Legend has it that God came in a dream to Tuscaloosa brick mason John “Big Daddy” Bishop, telling him his destiny was to make barbecue for the masses.
A hulking man who favored smoking a pipe, Big Daddy built a pit in his front yard on Jug Factory Road and started selling spareribs anointed in his special sauce to neighbors and others in the community.
That begat a restaurant in 1958, which Bishop named Dreamland Café after the divine vision that inspired it. His formula was simple: Do one thing and do it very well.
“When he started, he sold ribs, sauce, white bread, and chips—that’s it,” says Betsy McAtee, Dreamland’s current owner. “It stayed that way until 1996. Ribs are our signature item.”
Steadily, Dreamland’s reputation grew locally, regionally, and then nationally, leading one travel and food journalist writing for USA Today to declare it “arguably the most famous rib joint in the east.”
The famous ribs (Dreamland BBQ/Facebook)
Dreamland boasts “Ain’t nothing like them nowhere.” But that’s no empty hype. In celebration of National Barbecue Month in May, we pull back the curtain to explain why Dreamland’s ribs are legendary.
It starts in the prep room at each location—there are seven in Alabama, plus others in Georgia and Florida—where meaty racks of ribs are processed to meet Dreamland’s standards. The trim goes into the grind for Dreamland’s house-made smoked sausage.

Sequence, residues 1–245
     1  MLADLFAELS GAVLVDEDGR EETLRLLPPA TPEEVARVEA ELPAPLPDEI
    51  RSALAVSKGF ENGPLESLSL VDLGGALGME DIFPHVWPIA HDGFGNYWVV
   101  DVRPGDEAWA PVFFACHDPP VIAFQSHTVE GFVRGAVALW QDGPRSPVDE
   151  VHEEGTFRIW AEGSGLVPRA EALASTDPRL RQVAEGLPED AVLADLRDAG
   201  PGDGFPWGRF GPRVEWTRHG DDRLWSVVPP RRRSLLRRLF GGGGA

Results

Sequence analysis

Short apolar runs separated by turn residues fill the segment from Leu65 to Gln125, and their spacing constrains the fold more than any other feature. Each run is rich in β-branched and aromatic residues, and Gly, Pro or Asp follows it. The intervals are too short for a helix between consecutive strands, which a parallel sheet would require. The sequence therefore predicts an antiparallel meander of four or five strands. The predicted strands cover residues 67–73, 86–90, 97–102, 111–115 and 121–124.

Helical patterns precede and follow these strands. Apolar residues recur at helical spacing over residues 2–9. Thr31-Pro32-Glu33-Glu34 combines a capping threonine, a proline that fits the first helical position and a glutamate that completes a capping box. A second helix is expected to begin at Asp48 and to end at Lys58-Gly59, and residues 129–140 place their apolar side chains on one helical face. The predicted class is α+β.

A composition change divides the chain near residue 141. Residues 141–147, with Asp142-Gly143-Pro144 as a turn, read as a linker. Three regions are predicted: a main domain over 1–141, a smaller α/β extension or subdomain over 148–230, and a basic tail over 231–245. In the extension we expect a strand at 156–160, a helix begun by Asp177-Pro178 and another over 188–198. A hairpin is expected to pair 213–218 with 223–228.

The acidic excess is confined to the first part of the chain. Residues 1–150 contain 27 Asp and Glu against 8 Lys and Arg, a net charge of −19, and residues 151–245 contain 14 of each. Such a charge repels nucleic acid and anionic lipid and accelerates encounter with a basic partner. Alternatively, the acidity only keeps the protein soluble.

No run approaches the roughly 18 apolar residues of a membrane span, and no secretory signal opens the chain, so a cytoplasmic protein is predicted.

Ribs are still made by the method Bishop perfected six decades ago, seasoned simply with salt and cooked over a pit fueled with hickory or white oak, depending on availability.
While the ribs are on the grill, they are periodically sopped with a blend of Dreamland’s barbecue sauce and vinegar, which adds moisture and flavor to the rendering meat. The racks sizzle over hot embers for up to an hour; the pit master pulls them when they feel ready.
Ribs in the pit (Dreamland BBQ/Facebook)
Dreamland’s sauce is different than the red sweet-hot tomato-based sauce generally served in this part of barbecue country. Dreamland’s is a yellow-orange, vinegar-based sauce with some tomato added for balance and a bit of heat at the finish. At the restaurants, bottles of the sauce for diners are kept warm for maximum flavor.
Asked what’s in the sauce, McAtee mostly demurs. “The recipe is a secret,” she says. “I can tell you two top ingredients: mustard, which gives it the orangey color, and jalapeño juice for the heat.”
McAtee’s father, Bobby Underwood, partnered with Bishop in the early 1990s, sparking an expansion that began with the Birmingham Southside location in 1993.
Aside from the Tuscaloosa original, Dreamland’s menu has evolved beyond its traditional rib, bread, and chips plates. Chopped pork for plates and sandwiches is cut from Boston butts cooked 8–10 hours, and basted with a barbecue sauce-vinegar mop like the ribs.
To broaden their potential customer base, most locations have barbecued half-chicken, smoked sausage, flash-fried smoked wings, sometimes chicken fingers and grilled chicken breast.
Sauced ribs (Dreamland BBQ/Facebook)
Menus cover favorite Southern barbecue sides like fried okra, macaroni and cheese, and baked beans. And its chips are made on-site.
Wash it all down with Big Daddy’s Iced Tea, or Big Daddy’s Squeeze lemonade. For dessert, Our Famous Banana Pudding is made with vanilla wafers from Hoover-based Bud’s Best Cookies.
But you owe it to yourself to at least sample Big Daddy Bishop’s ribs and sauce and discover what makes the combo so dreamy (we had to say it).